When American experts talk about cyber threats from other countries, they often cite elite hackers in China and Russia.
On Thursday, some warned against overlooking another country: Iran.
Over the past three years, the Iranian regime has invested heavily in building up its cyber muscle and has expressed an increasing desire to use it, Ilan Berman, vice president of the American Foreign Policy Council, said in testimony before a House panel.
"It is not out of the question that the Iranian regime could attempt an unprovoked cyberattack on the United States," Berman said.
The Iranian government has reportedly invested $1 billion to develop and build out its own cyberwar capabilities. Iran's authorities "welcome the presence of those hackers who are willing to work for the goals of the Islamic Republic with good will and revolutionary activities," an official with Iran's Revolutionary Guard said in an interview with an Iranian website last March.
Iran has been on the receiving end of cyberattacks several times. Most recently, the country's authorities said this week that they were investigating a suspected cyberattack against several of the country's oil facilities. In 2010, a sophisticated computer worm called Stuxnet destroyed Iranian nuclear centrifuges, causing a setback to the country's nuclear program.
Experts have speculated that Stuxnet was designed by Israel and the United States, but no one has claimed credit for the attack.
That may not matter to the Iranian government, according to Frank J. Cilluffo, director of the Homeland Security Policy Institute at George Washington University.
"The possibility that Iran may feel aggrieved and seek to retaliate, even in the absence of proof of attribution, is not to be dismissed," Cilluffo told lawmakers at the hearing.
A spokesman for Iran's mission to the United Nations in New York did not return a call seeking comment.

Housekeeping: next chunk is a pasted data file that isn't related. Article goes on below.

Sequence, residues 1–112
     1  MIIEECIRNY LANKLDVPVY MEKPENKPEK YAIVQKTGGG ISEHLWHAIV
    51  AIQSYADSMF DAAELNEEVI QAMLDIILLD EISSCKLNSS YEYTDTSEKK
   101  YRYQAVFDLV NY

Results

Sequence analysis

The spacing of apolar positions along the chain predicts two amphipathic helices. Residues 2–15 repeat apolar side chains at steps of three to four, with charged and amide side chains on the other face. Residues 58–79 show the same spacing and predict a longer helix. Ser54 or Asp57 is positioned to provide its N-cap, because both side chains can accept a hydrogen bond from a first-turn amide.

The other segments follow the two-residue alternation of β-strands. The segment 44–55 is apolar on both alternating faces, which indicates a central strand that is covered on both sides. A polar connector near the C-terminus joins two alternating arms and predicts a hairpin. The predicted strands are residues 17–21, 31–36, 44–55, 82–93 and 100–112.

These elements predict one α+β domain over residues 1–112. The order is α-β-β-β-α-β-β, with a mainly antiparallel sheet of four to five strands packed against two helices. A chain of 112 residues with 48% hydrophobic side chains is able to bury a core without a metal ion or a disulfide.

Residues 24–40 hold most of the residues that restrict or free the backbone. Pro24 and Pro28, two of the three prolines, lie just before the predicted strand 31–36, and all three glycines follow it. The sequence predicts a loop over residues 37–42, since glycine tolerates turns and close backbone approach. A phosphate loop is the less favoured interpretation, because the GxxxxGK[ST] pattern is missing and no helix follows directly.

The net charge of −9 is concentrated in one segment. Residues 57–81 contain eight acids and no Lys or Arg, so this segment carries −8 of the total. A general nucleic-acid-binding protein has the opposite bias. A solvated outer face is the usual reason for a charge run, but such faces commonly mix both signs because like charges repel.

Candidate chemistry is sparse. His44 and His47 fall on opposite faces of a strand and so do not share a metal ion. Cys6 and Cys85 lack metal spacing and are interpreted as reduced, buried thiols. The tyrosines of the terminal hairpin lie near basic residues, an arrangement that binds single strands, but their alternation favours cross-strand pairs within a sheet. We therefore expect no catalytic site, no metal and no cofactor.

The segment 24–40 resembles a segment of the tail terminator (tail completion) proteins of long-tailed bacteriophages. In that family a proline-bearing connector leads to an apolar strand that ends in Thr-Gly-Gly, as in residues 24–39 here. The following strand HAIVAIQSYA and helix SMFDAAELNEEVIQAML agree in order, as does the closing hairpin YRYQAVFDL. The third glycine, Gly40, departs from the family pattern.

The testimony at Thursday's hearing echoed previous warnings about Iran's growing cyber strength. Iran’s intelligence operations against the United States, including cyber capabilities, "have dramatically increased in recent years in depth and complexity," James Clapper, director of National Intelligence, told a Senate committee earlier this year.
Last summer, a hacker believed to be working with the Iranian government broke into a Dutch web security firm and created fake certificates that are used to authenticate a web browser's security. As a result of the hack, as many as 300,000 Iranians may have had their web communications monitored.
That event forced many security experts to take notice of Iran's hacking skills, said Stewart Baker, a former assistant secretary at the Department of Homeland Security.
"Their sophistication in that effort was surprising to a lot of people," Baker said in a phone interview. "If they have 50 people as talented as the guy who pulled that off, they are a cyber force to be reckoned with."
But James Lewis, a senior fellow with the Center for Strategic and International Studies, said Iran's cyber capabilities "appear to be primitive." He said that he is skeptical of the Iranian government's claims about its cyber prowess, and that the regime has a history of announcing military breakthroughs that turn out to be overblown.
Lewis, who did not testify Thursday, said Iran may have the desire to launch a cyberattack on American soil, but "they're not there yet."
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